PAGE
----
Reasons You Love The Bush School

SAP_6180_webI had a lovely meeting on Tuesday morning with a senior who stopped by my office to talk about this year’s fall festival. Anna, a Bush lifer, spoke with enthusiasm about reviving the all-school tradition she remembers fondly from her years as a Lower School student. She asked, with some trepidation, my thoughts on continuing the tradition. I told her that I had heard about fall festival and was looking forward to being part of this Kindergarten through Twelfth Grade celebration.

As the only Kindergarten through Twelfth Grade independent school in Seattle, we have the unique opportunity to create memorable, shared experiences across three divisions and 13 grades. Anna shared her recollection as a Third Grade student looking up to high school students during fall festival and feeling excited to take on a leadership position someday. That day is now.

Anna is not alone in wanting to build a stronger Kindergarten through Twelfth Grade identity at Bush. In my conversations with parents, alumnae/i, teachers, and alumnae/i parents over the past months, many have expressed a desire to find ways to connect students with their peers across divisions. Whether it is a Fourth Grade student considering which E-lective offerings she will take, or a Seventh Grade student attending an Upper School play and dreaming about performing in front of his peers in a few years, or a graduating Senior reading to Kindergarten students and starting the cycle of aspirational hopes all over again, these occasions should be cherished and celebrated. It is one of the reasons I love working in a Kindergarten through Twelfth Grade school.

At our opening meeting on Monday, I asked our faculty and staff to reflect on what they loved most about working at The Bush School. Their responses were thoughtful and varied, and demonstrated a deep understanding and appreciation for our school’s culture and values. Some consistent themes emerged from the groups’ presentations. All of the groups shared how much they love working with your children. They also value learning from colleagues across divisions, the sense of community, the expectation for continued growth and ongoing learning, the dynamic and collaborative nature of our school community, and the comfort that comes from working at a school where they are trusted. This last quality is a meaningful symbolic thread to Helen Taylor Bush, who founded the school with the belief that trust is essential to developing students’ self-confidence and for sparking a passion for learning and accomplishment.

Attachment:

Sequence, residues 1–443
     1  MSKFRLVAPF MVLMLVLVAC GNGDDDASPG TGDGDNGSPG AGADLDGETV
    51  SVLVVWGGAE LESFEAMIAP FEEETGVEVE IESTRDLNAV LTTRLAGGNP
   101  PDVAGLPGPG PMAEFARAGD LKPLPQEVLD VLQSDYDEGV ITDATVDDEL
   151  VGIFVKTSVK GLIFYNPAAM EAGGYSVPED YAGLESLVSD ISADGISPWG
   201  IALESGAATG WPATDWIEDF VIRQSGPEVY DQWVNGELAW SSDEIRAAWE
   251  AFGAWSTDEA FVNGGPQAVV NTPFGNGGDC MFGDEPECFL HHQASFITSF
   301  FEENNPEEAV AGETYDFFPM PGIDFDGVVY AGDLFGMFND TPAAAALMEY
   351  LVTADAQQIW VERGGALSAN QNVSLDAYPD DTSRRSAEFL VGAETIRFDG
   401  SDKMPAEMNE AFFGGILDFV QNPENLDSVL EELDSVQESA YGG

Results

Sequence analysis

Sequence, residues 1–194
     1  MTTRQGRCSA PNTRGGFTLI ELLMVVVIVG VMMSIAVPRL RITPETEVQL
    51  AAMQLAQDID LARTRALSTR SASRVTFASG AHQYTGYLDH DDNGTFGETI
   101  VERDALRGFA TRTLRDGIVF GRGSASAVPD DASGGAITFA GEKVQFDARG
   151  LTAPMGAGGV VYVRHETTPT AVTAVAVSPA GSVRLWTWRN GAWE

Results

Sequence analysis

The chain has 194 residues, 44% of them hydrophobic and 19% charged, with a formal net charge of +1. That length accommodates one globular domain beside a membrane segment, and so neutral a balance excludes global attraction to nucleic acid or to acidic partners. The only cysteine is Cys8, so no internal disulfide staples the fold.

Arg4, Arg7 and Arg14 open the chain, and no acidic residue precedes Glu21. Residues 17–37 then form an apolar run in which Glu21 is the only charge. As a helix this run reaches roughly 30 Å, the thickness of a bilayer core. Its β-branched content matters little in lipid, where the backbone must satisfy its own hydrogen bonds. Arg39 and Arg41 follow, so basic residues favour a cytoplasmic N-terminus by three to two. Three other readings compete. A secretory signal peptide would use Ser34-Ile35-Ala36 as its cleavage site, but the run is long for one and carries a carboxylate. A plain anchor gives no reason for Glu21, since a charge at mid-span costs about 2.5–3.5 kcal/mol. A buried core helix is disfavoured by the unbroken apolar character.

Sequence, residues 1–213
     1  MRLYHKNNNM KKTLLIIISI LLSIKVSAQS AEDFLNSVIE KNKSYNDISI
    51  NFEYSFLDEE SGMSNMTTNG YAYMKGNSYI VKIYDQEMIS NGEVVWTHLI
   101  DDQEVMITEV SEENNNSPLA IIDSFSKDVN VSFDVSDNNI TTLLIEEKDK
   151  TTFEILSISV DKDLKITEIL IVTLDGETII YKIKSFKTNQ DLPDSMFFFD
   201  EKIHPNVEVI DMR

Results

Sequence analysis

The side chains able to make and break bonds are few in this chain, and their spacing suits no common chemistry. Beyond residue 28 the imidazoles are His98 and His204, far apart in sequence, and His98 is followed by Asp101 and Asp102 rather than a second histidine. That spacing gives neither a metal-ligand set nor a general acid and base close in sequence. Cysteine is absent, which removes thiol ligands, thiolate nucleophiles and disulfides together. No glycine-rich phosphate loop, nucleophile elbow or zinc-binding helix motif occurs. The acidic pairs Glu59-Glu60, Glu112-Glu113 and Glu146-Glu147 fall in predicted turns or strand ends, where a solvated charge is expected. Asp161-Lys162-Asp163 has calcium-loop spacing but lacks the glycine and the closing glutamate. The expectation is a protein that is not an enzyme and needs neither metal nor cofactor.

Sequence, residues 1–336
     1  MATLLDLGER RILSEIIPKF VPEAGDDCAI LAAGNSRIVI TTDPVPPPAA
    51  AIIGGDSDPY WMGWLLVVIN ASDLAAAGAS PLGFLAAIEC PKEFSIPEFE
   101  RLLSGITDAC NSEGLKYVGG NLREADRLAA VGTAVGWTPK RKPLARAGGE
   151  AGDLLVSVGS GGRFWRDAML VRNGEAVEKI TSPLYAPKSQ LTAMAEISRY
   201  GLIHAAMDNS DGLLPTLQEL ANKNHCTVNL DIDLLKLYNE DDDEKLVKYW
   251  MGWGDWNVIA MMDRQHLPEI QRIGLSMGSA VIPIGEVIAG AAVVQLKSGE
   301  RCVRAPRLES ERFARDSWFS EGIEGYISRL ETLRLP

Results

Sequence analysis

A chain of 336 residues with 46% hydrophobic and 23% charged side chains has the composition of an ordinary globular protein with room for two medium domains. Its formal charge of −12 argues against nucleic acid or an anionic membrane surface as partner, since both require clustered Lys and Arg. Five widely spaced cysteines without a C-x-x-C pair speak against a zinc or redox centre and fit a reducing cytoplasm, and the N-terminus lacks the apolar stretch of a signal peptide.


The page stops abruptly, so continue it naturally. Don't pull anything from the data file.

Over the course of the year, I am going to spend time exploring more deeply the themes that came out of our opening meetings, and I invite you to share with me the reasons you love The Bush School and what type of community you and your children aspire to help build. I am grateful to Anna for stopping by to chat with me this week. She was able to articulate what makes Bush special—student leadership and voice, trusting children, our “K-12” identity, collaboration, and community. That, and the certainty that no matter how old you are, cotton candy will always make you smile.

I hope to see you all at Convocation on September 3 at 8:30 a.m. in the Inner Courtyard.

90 Years of Progressive Education

BETA.Bush School_90thAnnLogo_4.0Each day that I spend around The Bush School, I gain a better sense of our school’s distinctive culture and character.  Through conversations with colleagues, parents, alumni, and board members a common theme continues to emerge.  The Bush School is a place of inquiry, imagination, innovation, and infinite possibilities.  In addition to my meetings, I have spent time reading about and studying the school’s rich history and traditions.   I am struck by how groundbreaking Helen Bush’s educational philosophy was in 1924. Mrs. Bush’s belief in the John Dewey principle of ‘learning by doing’ was indeed progressive at a time when pedagogy favored rote learning and a standardize approach to teaching.

In 2014, this precept is ubiquitous in educational settings as many schools espouse experiential education as a core tenet of their mission. We know that students learn and develop best in authentic learning environments, whether through outdoor pursuits, civic participation, artistic creation and expression, athletic challenge, or inquiry-based activities. These practices have been fostered and promoted at The Bush School for nine decades. As a result, our students have come to develop a love for learning that is meaningful and enduring.

In The Bush School: The First 75 Years, a historical account of the school’s founding and a tribute to the individuals who helped to build our school and ensure its success, Sis Pease ’41 captures the essence of my conversations and observations over the past few weeks. She writes, “a prevailing spirit of optimism, hope, and bold plans for tomorrow guides the expectation that The Bush School will be very much part of a new progressive period.”

I share Sis’ enthusiasm about our future, and I am eager to be a part of re-envisioning our progressive learning community.